While this article is about poverty, it should really be about self-imposed poverty. Ms Glosson made bad choices in her life and now she must suffer the consequences. Unfortunately, she has dragged a child down into the mire with her. If she really wanted to get that GED, she would not have let anything stand in her way, including a broken-down car. And, at 24, she has had plenty of time to get her GED. I hope she manages to get out of the hole she has dug for herself and her child. I also hope she teaches her daughter and her niece self-respect, responsibility, and the value of an education. Those values alone will go a long way to stay above the poverty level.

judgenot
0
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judgenot 11/26/09 - 09:19 am
0
0
A common complaint I see from

A common complaint I see from single mothers is transportation. Use stimulas money to start a not for profit taxi service for those living away from the bus line. That will put people to work driving. Advance the Mothers first month fees then only charge for actual cost to run the service. Or fix their cars for them and offer free or reduced cost maintenance to keep the cars running. That will put other people to work. Make it easier for the willing to get off their butts & get to school &/or work. There are so many ways the government could put people to work but they only look for ways to give a free ride. Last but not least, get a father's name for the kids and make him pay child support!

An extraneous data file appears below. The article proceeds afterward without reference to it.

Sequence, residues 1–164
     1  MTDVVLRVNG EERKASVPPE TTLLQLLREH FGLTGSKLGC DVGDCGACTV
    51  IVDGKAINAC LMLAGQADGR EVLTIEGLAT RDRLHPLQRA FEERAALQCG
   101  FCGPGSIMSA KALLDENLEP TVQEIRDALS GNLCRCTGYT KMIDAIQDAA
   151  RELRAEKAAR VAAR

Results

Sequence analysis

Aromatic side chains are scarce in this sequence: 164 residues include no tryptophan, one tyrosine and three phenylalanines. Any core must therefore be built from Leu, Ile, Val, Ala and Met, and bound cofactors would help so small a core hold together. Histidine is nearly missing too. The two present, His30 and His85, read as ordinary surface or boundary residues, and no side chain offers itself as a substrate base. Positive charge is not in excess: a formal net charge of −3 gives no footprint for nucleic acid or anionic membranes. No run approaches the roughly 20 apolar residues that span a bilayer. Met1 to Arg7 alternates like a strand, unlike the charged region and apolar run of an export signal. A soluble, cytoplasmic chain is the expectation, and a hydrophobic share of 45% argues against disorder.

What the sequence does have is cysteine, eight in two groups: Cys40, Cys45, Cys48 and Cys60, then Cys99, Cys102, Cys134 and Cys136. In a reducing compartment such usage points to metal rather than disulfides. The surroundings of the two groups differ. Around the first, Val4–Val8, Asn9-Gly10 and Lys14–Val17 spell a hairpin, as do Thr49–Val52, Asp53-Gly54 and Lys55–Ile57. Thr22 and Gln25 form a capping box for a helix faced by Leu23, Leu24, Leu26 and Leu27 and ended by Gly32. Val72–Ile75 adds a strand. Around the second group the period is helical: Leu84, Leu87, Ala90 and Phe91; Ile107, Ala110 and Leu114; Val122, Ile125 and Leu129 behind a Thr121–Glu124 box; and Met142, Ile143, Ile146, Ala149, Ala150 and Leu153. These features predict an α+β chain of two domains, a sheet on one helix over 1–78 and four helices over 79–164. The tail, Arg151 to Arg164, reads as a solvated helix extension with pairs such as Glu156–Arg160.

Boston93
117
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Boston93 11/26/09 - 09:34 am
0
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justus4: So-called jobs come

justus4: So-called jobs come from So-called education.

corgimom
38696
Points
corgimom 11/26/09 - 09:42 am
0
0
"If she really wanted to get

"If she really wanted to get that GED, she would not have let anything stand in her way, including a broken-down car. " She was supposed to get on a broom or flying saucer and fly to her classes? Why don't you offer to take her, since you think that free transportation is so readily available? And her reasons for quitting school were not given, but I can tell you now, having a sick mother was a major factor. We see it even in the young kids- if there is serious illness in the home, the kids don't do well. The family is too busy trying to keep the home going. And I speak to you from personal experience- as someone who became very ill when my son was in high school, and I was very sick and housebound for 2 years. It was an extremely difficult time.